While California energy officials wrestle with where to find more natural gas-fired, renewable-based and purchased power sources of electric generation in the immediate years ahead, regulators and utility officials will be coping with the closure and eventual decommissioning of one of the state’s two major nuclear generation plants.
Southern California Edison Co.’s (SCE) decision on Friday to give up hopes of restarting two units at the troubled 2,200 MW San Onofre Nuclear Generating Station (Songs) means an estimated $3 billion cost spread up to the next 40-50 years (see Daily GPI, June 10) .
In regard to overall grid reliability in California, the Songs closure will add another challenge for state energy planners who are already working to overcome a once-through-cooling (OTC) ban on the use of coastal waters for up to 20 coastal power plants, most of which are natural gas-fired, and are in various phases of repowering plans. The closure of Songs will complicate this work, according to Ron Litzinger, SCE president.
Starting immediately, SCE will remove Songs’ $1.2 billion in rate base from its collective assets on which it earns an authorized profit level, meaning about a 15-cent/share hit in lost earnings during the remaining seven months of this year, according to senior executives at the company.
Decommissioning would not start until 2022, when Songs current Nuclear Regulatory Commission (NRC) license expires, according to Jim Scilacci, CFO at SCE’s parent, Edison International. As of March 31, the market value of Songs was slightly more than $3 billion, or an after-tax value of $2.7 billion, he said. SCE has maintained a decommissioning trust fund, and by 2022 that fund is expected to have sufficient dollars to pay for the decades-long decommissioning process.
“The current plan for decommissioning Songs will last in excess of 40 years,” Scilacci said. “Based on our latest estimate, the approximate value of the net future cost of decommissioning Songs is approximately $3 billion. With the early shutdown, we will be evaluating the accelerated decommissioning of the plant.”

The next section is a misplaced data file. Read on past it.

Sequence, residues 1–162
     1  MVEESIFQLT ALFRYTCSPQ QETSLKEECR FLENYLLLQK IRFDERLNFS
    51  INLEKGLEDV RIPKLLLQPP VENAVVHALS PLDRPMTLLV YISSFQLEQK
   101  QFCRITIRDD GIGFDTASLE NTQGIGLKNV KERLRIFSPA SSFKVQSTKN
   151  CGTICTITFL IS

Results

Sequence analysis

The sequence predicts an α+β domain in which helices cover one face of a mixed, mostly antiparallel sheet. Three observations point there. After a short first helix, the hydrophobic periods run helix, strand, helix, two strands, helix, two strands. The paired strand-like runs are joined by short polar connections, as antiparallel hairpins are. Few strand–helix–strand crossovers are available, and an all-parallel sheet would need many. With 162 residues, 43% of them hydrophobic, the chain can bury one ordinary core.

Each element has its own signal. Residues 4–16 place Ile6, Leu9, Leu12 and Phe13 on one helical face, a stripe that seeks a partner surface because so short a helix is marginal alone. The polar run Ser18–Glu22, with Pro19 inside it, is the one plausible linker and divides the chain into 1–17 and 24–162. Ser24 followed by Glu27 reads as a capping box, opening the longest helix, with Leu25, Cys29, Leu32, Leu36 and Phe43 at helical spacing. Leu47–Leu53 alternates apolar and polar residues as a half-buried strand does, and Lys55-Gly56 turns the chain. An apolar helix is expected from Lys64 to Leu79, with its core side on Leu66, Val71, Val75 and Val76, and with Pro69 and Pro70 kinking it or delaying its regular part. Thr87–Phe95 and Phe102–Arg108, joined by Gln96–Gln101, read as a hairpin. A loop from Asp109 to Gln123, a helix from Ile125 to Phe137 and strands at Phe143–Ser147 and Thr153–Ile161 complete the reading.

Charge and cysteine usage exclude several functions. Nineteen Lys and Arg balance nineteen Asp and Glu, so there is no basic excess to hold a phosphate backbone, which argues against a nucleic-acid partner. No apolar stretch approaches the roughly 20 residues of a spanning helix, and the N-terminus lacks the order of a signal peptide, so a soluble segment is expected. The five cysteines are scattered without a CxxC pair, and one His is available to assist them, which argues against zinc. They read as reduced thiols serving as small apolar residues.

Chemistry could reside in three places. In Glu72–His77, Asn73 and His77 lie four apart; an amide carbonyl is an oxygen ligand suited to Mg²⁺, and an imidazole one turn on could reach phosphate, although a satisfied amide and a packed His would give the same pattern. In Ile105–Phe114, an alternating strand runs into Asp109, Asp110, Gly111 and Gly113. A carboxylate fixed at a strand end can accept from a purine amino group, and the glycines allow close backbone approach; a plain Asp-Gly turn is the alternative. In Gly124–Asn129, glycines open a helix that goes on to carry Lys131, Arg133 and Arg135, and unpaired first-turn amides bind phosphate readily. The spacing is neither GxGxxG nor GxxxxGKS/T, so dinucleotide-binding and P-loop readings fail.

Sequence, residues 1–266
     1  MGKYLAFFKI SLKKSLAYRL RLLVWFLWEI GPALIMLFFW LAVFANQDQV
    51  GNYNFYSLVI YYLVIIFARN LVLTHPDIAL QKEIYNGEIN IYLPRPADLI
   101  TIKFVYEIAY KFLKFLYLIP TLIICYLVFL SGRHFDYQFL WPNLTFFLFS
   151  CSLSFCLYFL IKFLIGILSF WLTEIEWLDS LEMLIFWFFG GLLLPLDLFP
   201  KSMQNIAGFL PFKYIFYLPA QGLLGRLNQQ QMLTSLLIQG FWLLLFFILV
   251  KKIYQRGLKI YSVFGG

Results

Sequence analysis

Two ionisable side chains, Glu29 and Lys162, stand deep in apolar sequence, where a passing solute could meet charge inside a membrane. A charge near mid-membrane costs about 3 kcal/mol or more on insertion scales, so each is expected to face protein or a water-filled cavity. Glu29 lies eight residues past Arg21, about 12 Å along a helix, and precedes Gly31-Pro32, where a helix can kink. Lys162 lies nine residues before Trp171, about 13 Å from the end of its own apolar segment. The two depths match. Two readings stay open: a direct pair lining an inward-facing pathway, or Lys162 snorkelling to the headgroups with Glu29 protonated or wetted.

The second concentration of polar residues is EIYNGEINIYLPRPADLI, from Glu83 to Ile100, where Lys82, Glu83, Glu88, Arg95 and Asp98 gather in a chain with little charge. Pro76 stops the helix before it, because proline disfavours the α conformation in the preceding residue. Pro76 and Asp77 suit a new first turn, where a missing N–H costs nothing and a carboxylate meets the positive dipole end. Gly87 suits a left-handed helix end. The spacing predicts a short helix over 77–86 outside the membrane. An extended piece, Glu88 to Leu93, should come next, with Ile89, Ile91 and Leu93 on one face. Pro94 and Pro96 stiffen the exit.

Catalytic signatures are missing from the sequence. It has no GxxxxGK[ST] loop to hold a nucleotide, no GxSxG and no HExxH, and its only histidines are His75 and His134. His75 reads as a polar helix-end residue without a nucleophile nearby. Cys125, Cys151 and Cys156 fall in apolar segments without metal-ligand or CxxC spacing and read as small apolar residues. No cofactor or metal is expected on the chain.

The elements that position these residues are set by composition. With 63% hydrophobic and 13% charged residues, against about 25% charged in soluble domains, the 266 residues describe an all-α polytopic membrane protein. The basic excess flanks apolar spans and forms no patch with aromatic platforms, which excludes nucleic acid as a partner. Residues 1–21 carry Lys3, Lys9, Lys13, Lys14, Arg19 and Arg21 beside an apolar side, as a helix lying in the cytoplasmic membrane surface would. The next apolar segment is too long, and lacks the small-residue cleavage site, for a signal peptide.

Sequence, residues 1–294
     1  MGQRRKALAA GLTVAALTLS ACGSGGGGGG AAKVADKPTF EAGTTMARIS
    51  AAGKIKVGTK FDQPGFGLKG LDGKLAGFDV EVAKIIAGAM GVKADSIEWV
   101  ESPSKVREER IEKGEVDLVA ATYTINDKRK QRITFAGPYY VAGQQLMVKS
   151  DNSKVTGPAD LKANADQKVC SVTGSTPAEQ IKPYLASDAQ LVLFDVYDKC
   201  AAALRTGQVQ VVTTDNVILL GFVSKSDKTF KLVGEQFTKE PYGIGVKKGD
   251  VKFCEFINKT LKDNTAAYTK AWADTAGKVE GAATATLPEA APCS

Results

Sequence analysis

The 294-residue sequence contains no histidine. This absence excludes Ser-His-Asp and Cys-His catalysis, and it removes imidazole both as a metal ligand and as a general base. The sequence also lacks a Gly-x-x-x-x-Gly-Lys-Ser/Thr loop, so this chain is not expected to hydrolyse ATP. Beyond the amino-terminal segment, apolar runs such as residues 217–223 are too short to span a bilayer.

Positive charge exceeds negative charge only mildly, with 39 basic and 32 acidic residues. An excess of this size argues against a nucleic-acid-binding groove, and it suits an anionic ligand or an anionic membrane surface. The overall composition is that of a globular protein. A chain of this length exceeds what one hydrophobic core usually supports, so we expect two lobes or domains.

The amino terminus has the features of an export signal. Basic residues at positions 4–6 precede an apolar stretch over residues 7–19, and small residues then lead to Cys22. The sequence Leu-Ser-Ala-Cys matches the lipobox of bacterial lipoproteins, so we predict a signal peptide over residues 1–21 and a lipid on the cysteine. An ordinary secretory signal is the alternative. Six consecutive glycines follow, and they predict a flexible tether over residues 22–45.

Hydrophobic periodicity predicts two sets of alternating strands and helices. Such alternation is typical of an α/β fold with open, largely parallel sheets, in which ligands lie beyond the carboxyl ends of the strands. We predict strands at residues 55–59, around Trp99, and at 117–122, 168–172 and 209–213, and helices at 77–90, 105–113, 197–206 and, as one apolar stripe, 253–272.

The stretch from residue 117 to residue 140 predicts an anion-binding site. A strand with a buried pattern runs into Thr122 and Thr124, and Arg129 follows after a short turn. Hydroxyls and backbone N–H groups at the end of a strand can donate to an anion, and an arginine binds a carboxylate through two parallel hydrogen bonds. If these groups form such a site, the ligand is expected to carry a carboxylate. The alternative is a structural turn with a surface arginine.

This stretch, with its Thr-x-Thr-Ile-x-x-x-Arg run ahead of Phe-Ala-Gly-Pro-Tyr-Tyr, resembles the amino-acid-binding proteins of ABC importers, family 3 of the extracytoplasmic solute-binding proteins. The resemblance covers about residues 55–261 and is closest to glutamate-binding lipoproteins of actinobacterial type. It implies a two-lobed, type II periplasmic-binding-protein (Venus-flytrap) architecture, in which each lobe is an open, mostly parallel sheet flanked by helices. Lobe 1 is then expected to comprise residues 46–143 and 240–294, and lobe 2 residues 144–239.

Although Edison executives did not divulge their immediate intentions on a conference call with financial analysts Friday, it is expected that SCE initially will mothball the plant under NRC rules, according to a report in Sunday’s Los Angeles Times.
“We’re already addressing the potential for coastal power plants being shut down for water quality, or the OTC issues, and Songs will add another increment to deal with as we go through those plans,” Litzinger said. “We will need to add replacement generation over time for both the once through cooling and Songs, and that work will begin in earnest now that we have eliminated the uncertainty of whether Songs is around or not.
“And depending where the new generation is located — either inside the Los Angeles Basin or outside — we will determine if new transmission lines will be required. We are anxious to get that started right away, given the permitting time frames for both new generation and transmission.”
Three major new gas-fired generation plants will be brought on line this year (see Daily GPI, May 29). “Projections are that if we can get all of the generation inside the [Los Angeles] Basin and near the coast — in essence repowering existing facilities — the amount of new transmission would be fairly small,” Litzinger said. “But once you begin getting away from the coast and outside the basin the potential for transmission goes up very quickly.”
Edison International CEO Ted Craver said in recent days that he has spoken with California Gov. Jerry Brown and California Public Utilities Commission (CPUC) President Michael Peevey, and they indicated that the state is ready to “jump on this quickly to make sure we’re doing everything possible to ensure we have good system reliability.
“I think the CPUC will be indicating that it wants to convene a group, including ourselves and San Diego Gas and Electric Co., along with all the state energy agencies, to work this with a sense of urgency. Obviously, we have a big responsibility to get after this, and I think there is a lot of focus on it by the governor, the CPUC and others.”
While there will be a renewed effort to make sure power generation resources are adequate, the undertaking of closing and eventually decommissioning Songs will be a gradual and very heavily regulated process. The NRC allows utilities to either tear down old reactors or put them in “safe storage” for up to 60 years, according to the Times report. Eight reactors in the United States are in safe storage now and another 16 are either in the process of or have completed decommissioning.
Sitting on 84 acres of land that SCE leases from the U.S. Marine Corps and its adjacent Camp Pendleton training facility, there is no incentive for the utility to quickly close and dispose of the nuclear plant, even if it could, which it can’t given the regulations for dealing with radioactive waste.
Some industry observers note that letting a nuclear plant site sit for years, even decades, can be beneficial to allow radioactivity to decay, and thus reduce the cost and time of dismantling the plant long term.
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